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Series Review, Broken, BBC by Gareth Williams

5 Stars5 / 5

Father Michael Kerrigan is the latest name to add to the growing pantheon of priests appearing on our television screens in recent years. Following in the footsteps of Tom Hollander (Rev), James Norton (Grantchester) and Mark Williams (Father Brown) is another acting heavyweight, Sean Bean. Bean takes the lead role in writer Jimmy McGovern’s latest drama, Broken. The six-part BBC series has seen Kerrigan battling his own personal demons whilst acting as counsellor, social worker and friend to his parishioners. The narrative has been suitably gritty, tackling poverty and injustice unashamedly through the lens of social realism. It is, of course, what McGovern does best. It could even be argued that Broken is among his best work.

Sean Bean is a fascinating lead actor. He is utterly mesmerising here. The emotion etched on his face conveys perfectly the inner turmoil and wretched guilt of his character. There is no need for words. He makes Kerrigan so likable, so genuine. It is hard not to fall in love with his character. His flaws and his mistakes and his heartfelt pleas only increase our empathy for the man. Kerrigan is broken. Yet in his brokenness we see something of our humanity – for better and for worse.

The opening credits seem to capture this sense of conflict perfectly. It is so beautifully melancholic: the heart-rending tones of Nina Simone singing “Human kindness is overflowing/ And I think it’s going to rain today”. It is this overwhelmingly positive image streaked with an impending sense of despair that wonderfully encapsulates the stories at the heart of this drama. In particular, the investigation into the death of Vernon Oyenusi (Jerome Holder) places a focus on PC Andrew Powell (Mark Stanley) as he wrestles with the personal and professional consequences of telling the truth. He wants to do the right thing, but there is a cost for doing so.

McGovern finds rich material here. He touches on some of the hypocrisies of the institutional church. He tackles issues of homosexual acceptance and the morality of gambling. There is also the moment when Kerrigan faces up to one of his former teachers who, as we see in flashbacks, abused him. The lack of remorse shown by Father Matthew (Robert Gillespie) is infuriating to say the least. Yet Kerrigan’s response is measured. He doesn’t lash out in justifiable rage yet the emotional anger underneath is evident in this incredible exchange. Again, Bean’s acting is masterful.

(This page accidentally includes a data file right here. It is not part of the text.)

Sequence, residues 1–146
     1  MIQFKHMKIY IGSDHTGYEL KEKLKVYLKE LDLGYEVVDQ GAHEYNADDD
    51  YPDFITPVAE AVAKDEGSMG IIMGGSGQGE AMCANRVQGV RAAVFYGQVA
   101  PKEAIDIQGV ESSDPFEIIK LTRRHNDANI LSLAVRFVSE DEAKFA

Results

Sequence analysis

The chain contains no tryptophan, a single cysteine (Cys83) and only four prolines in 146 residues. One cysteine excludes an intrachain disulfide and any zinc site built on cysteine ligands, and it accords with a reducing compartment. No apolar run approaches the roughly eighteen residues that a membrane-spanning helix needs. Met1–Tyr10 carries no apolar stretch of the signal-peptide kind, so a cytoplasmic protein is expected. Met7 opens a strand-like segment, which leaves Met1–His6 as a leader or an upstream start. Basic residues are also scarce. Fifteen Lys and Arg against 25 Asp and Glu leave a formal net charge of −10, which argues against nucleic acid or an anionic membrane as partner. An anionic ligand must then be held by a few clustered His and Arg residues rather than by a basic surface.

The standout episode of this fascinating series has to be the fourth offering. It finds single mother Roz (Paula Malcomson) facing up to the reality of her fraudulent past. She owes over £200,000 to her employer and confesses to Father Michael that her only way out is to take her own life. It is complete dramatic perfection from McGovern: raw, heart-breaking, full of understated emotion and grounded in the ordinary reality of daily life. It is also where Broken becomes an ensemble piece rather than simply a protagonist-led drama.

Jimmy McGovern is a master at creating fully-formed and multi-layered characters. The leading light in this drama is certainly Kerrigan. However, as the series progresses, he becomes like the candle he lights to declare the presence of Christ. This simple yet powerful motif reflects Kerrigan’s role in the community: he is present amongst his parishioners but he is no superman solving all their problems. He is there for them, but he is helpless as much as he is helpful. He is part of their lives, but they have their own stories to tell – he does not define their decisions or determine their choices necessarily.

The place that McGovern gives to Father Michael Kerrigan is far less certain than the clear morality of Sidney Chambers’ crime-solving world in Grantchester. Yet it is somewhat more assured than the struggle for relevance that faces Adam Smallbone in Rev. This is what makes Broken such a fascinating series, particularly in the canon of TV shows with a clerical protagonist. For McGovern, the church remains a place where hope is found. But this hope is expressed through the individual (Kerrigan) rather than the institution (as represented by Adrian Dunbar’s  Father Peter Flaherty). In this way, the final scene makes perfect sense. Being critical, it could be seen as a little too perfect, almost sentimental. Nevertheless, it still elicited a few tears from me in response.

Broken is an excellent and inspiring drama. It continues Jimmy McGovern’s reign as one of Britain’s best and most provocative of writers. The acting talents of Sean Bean, et al. only add to the sheer quality on display here. It is surely one of 2017’s best dramas.